Research and experience show there are 4 stages to getting and keeping a customer culture: Initiation, Implementation, Embedding and Reinforcement. In my last post, I outlined the 5 actions to take at the initiation stage. In this one I focus on the 8 actions to take during the implementation stage. Although shown as a sequence, some of these steps will occur in parallel or in some instances in a different order. However, the first step here is clearly the start.
1. Demarcation event – Implementing culture change needs a memorable watershed event where the vision is clear, the stakes are raised, the leader leads, and the experience is emblazoned in people’s minds. Usually a major Town Hall event, this must be skillfully executed to maximize staff engagement. The goal here is to get public buy-in from the senior leadership team and generate momentum.
2. Development of values and norms – The desired new culture needs to be made real. People need to see it, “feel” it and emotionally connect to it. They have to see it will benefit them and they need to have the skills and confidence to enact the new behaviors. In Virgin Trains in the UK, small cross-function teams worked to develop meaning to the values identified by their leadership and what the norms meant in everyday work practices.
3. Customer mindset and skills workshops – A large sample of staff attend workshops to help them understand what a “customer mindset’ is and practice behaviors that make customer culture tangible and relevant. Often workshop participants are cross-functional to reinforce the customer mindset and importance of organization wide delivery of value to customers. In large corporations, workshops may start with the top few hundred leaders, then cascade into their teams.
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4. Cross-function collaboration – Teams work together cross functionally to strengthen customer focus. Cross-function work teams come together to create or strengthen systems, tools and processes to increase customer engagement. These might include processes such as user testing during the new product process, customer feedback systems and tools to improve value at customer touch-points found to be lacking.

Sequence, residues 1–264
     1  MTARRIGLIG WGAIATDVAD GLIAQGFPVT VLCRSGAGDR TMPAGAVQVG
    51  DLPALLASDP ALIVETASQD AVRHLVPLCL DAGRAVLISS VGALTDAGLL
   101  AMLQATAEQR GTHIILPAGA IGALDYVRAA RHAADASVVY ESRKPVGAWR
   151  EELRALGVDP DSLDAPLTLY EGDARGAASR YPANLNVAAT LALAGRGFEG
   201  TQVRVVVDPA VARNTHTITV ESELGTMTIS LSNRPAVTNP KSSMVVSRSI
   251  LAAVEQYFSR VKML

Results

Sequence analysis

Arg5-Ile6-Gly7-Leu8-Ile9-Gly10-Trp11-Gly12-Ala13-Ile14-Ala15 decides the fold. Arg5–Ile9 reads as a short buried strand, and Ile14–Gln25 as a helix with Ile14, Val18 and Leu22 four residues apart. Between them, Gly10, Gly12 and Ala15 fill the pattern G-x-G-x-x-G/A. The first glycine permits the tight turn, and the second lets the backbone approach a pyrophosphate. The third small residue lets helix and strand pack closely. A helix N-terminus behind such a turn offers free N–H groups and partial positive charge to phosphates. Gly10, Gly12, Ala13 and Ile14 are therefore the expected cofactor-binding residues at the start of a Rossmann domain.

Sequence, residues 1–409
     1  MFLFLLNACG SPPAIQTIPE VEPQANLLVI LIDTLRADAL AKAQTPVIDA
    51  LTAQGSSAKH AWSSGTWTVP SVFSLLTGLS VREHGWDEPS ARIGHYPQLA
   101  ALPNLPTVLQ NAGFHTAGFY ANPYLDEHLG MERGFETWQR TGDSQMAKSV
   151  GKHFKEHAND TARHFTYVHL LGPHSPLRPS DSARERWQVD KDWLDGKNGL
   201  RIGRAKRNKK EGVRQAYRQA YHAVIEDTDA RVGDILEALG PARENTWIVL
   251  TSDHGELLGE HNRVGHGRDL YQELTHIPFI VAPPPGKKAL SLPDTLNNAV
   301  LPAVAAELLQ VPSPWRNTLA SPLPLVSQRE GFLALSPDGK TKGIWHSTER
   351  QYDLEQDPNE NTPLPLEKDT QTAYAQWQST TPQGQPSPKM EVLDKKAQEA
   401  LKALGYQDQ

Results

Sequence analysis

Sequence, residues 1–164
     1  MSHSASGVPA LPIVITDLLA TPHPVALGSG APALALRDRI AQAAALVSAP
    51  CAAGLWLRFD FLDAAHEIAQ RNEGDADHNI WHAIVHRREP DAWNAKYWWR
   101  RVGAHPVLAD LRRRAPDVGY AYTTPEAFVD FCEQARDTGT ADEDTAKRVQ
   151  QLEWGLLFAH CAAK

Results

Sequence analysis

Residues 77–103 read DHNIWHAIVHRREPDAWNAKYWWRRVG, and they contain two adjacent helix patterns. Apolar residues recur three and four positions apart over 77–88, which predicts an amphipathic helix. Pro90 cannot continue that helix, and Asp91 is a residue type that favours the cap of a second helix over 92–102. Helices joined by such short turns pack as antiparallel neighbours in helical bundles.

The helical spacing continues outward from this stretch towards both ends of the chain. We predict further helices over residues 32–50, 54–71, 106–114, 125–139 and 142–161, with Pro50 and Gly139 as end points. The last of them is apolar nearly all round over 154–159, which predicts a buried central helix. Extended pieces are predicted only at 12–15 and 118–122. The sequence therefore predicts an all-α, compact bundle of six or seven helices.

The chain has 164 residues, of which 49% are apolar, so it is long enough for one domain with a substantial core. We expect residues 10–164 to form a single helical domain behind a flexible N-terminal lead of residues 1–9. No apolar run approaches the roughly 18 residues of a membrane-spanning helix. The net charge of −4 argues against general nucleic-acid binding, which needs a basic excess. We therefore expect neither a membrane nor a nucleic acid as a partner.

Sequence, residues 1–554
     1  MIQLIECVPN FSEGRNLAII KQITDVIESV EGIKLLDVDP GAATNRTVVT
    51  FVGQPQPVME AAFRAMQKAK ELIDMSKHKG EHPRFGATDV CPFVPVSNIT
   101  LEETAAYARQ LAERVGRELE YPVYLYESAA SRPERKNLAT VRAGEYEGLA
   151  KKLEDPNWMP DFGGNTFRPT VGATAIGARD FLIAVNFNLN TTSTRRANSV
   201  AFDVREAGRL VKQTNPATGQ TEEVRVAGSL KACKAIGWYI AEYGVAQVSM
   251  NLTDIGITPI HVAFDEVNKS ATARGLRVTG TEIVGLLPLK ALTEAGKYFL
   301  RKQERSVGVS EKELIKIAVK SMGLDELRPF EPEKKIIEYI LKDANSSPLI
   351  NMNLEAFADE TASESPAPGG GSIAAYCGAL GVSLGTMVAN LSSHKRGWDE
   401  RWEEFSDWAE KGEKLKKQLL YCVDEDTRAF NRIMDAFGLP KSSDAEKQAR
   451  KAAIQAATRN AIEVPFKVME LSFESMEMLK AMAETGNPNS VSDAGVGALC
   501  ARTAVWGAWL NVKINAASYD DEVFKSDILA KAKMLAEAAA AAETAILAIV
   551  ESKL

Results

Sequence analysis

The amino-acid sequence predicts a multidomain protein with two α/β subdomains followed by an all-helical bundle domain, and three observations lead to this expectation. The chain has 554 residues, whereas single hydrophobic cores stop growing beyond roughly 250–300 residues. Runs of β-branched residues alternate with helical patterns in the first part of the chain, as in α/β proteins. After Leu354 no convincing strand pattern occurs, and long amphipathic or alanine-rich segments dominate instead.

5. Market alignment – Several activities are initiated to reconnect with customers and the marketplace. These include customer Immersion (the subject of an earlier blog) of executives and non-customer facing people, customer research, customer co-creation activities and improved customer communication approaches.
6. Communication – What people see and hear needs to create a sense of fun and excitement for them to connect with the new cultural expectations. Stories are the conversations that create shared experiences and produce a common cultural bond between people. This is reinforced by communication of quick wins and shared stories at mini-town hall meetings and by internal social media.
7. Rewards and recognition – Leaders use public forums to recognize and reward people who are taking a lead in adopting the values and norms in their work to deliver more value for customers. The most powerful recognition is interpersonal with senior leaders showing approval, support or disapproval of employee actions or comments at particular venues such as mini-town halls and corporate events.
8. People changes – At some point coaching dissenters and blockers of change ceases and their removal becomes the focus, including the senior leadership. At the same time hiring criteria and orientation training of new staff reflects the new values and norms and infuses customer culture and relevant customer engagement skills.
My next post will outline the actions required to embed the customer culture as the normal way of conducting business.